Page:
If you start making hasty decisions, you’ll get hasty results. Then, before you know what happened, you’ll be back to your starting weight all while wondering how the heck things went belly-up so fast.
Do not repeat my mistakes. I’m a slow learner. It’s taken me three weight-loss journey’s for all of this to crystalize and make sense to me.
That leads nicely into the second difficult thing you must do:
Phase Two: Assess Your Situation With Brutal Honesty
You’re fighting against your metabolism, your age, your physical limitations, as well as all of our bodies natural inclination to slam the panic button with each pound lost.
There is no place for lies on this battlefield.
An ounce of painful reflection is worth a pound of weight-loss.
Did you,truly and sincerely, stick to your new meal and exercise plan?
The one you set up with your doctor?
Did you, to pull a completely random example out of a hat, secretly sneak chocolate, honey, and peanut butter into your unsweetened oatmeal on March 4th just to feel alive for once? Maybe you snagged a candy bar out of the vending machine because it’s been one of Those Days™ and that candy bar is the thin chocolate rope tethering you to the last shreds of your own humanity?
Maybe it’s all of those things. Maybe it’s (likely) none of those things. Regardless, you have to be unflinchingly honest with yourself when it comes time to assess the situation.
If you find yourself on the losing end of the argumento de escala frequently, then it’s time to shake things up and try new approaches.
It may even, and this is the good part, be good weight gain.
When you start making gains in muscle mass, you’ll see that at the scale. You might even be losing inches on your waist while gaining at the scale.
If that is the case, the absolute last thing you want to do is panic and pivot away from what is obviously working.
Occasionally, you’ll run into obstacles which only rear their head once you’ve traveled a sufficient distance.
I’m lactose intolerant. That’s always been a thing, apparently, but it’s not something that was really ‘An Issue’ until this last hurrah. Once I started getting my gut bacteria sorted out, I discovered that they have quite the virulent loathing of cheese, milk, and their ilk.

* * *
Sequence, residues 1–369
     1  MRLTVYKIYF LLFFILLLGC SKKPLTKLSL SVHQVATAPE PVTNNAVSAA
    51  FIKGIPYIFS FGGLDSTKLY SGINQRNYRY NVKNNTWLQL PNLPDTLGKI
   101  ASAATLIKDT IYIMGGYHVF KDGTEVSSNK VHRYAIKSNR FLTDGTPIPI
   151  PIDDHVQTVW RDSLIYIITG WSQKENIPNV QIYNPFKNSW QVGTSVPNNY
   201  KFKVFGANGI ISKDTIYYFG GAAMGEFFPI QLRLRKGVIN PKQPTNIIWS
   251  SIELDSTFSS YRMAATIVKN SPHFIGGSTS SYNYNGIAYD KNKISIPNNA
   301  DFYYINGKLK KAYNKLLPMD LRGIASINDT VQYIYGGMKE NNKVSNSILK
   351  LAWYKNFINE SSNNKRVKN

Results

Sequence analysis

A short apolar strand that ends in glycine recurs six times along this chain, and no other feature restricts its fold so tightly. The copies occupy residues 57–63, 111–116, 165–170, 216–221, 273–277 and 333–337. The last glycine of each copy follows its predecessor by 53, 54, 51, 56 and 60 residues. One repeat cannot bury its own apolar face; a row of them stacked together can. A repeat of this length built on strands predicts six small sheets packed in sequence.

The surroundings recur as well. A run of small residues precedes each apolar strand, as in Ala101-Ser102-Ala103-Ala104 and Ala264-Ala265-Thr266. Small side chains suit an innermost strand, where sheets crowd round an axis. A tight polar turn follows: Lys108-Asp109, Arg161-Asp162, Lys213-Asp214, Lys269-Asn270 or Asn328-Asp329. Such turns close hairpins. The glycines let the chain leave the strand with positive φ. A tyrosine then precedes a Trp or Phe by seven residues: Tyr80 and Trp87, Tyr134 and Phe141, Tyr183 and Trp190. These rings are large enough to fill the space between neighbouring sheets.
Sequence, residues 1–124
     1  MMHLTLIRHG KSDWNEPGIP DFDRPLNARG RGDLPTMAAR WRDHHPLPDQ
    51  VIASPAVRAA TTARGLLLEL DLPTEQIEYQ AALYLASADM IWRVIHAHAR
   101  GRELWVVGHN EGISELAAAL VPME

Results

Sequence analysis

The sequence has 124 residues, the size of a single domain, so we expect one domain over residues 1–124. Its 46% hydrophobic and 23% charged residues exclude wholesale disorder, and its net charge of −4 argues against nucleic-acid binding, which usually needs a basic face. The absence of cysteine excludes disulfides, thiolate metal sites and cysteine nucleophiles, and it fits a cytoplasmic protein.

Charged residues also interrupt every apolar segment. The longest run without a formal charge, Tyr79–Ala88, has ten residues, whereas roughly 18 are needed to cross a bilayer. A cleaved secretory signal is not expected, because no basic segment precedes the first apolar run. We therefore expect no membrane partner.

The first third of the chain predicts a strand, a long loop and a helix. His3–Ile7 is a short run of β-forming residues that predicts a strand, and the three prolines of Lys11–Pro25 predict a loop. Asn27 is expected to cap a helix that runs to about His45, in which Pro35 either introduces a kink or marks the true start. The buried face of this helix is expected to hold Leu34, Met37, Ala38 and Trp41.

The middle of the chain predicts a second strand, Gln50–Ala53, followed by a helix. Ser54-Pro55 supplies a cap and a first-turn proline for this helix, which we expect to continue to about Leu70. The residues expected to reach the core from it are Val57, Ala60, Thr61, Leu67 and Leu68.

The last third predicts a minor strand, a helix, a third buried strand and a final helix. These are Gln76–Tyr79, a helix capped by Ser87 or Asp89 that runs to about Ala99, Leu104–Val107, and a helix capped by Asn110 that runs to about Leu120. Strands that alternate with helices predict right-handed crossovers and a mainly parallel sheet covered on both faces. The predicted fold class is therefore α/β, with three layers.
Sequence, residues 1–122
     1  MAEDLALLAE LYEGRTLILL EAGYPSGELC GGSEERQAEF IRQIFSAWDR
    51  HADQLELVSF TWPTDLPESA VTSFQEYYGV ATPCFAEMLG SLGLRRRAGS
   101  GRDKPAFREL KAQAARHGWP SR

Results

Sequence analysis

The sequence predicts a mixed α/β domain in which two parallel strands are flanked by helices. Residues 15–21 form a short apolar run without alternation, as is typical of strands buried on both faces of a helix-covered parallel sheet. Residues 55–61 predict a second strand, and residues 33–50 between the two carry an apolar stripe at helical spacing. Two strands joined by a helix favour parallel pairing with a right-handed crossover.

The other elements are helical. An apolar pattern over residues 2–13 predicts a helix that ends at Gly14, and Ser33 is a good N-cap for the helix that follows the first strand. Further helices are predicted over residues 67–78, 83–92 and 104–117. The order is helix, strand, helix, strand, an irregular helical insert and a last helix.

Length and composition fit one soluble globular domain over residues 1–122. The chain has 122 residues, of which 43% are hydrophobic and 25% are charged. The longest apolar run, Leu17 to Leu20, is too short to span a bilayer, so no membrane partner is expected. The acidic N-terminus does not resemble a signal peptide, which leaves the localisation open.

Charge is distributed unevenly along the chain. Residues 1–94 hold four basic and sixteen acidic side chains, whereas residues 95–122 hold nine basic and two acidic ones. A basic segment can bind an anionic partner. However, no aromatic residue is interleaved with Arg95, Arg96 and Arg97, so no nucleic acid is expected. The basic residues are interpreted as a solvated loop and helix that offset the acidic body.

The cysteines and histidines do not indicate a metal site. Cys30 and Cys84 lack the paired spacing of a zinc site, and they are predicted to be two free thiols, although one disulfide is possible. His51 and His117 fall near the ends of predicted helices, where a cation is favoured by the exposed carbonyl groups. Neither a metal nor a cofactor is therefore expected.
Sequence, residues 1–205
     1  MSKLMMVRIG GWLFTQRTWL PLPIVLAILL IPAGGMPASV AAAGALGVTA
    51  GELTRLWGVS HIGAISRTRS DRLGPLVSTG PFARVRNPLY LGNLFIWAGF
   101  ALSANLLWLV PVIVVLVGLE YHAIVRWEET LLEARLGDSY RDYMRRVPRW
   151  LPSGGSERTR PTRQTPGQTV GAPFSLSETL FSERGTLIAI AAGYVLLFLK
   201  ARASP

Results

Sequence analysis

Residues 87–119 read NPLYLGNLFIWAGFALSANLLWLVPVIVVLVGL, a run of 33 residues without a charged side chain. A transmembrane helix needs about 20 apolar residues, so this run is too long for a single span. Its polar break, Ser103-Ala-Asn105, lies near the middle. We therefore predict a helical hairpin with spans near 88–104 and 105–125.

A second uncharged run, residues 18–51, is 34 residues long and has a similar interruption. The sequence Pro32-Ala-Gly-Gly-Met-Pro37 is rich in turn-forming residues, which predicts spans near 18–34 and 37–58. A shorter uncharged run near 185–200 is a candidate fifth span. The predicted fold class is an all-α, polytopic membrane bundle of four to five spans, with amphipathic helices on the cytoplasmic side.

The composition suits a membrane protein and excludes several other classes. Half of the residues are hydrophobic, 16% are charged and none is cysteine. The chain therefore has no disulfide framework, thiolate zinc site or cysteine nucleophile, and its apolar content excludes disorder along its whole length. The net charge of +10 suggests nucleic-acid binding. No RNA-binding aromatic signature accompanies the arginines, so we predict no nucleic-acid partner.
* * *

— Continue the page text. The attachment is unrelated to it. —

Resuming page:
If I have more than a handful of cheese every other day, I am painful bloating given flesh and form. It’s awful for everyone involved.
I used to upend entire bags of shredded cheese into my cheese-maw on the regular, but now I have to build up the enjoyment for each handful like a five year old hoarding their Christmas buzz.
The only reason I came to that realization is because of the unforgiving mathematics of the morning weigh-in.
Once I had addressed the situation, I went from 240 to 220 in a little under two months.
It’s remarkable what you can get done if you’re willing to face the problem squarely.
Lies do not help you deal with your weight-loss issues; they just make them harder to deal with once the excuses dry up.
You’re better than that. You deserve better than that.
I know that the slog towards your ideal weight can seem endless.
So now, when the setback-man cometh, step back from the precipice of despair by refusing to panic. Don’t, for the love of everything scared, abandon your routines point-blank while under the influence of the scale fail.
Then, after you’ve taken sufficient time to cope, gather your heart and your courage and assess what went wrong (if anything did!) so that you don’t have to repeat your mistakes.
The whole secret to weight loss is refusing to give up.
I’ll reach my goal of 200 yet, even if it means losing more than a hundred pounds to make it happen.
The Unsheathed Quill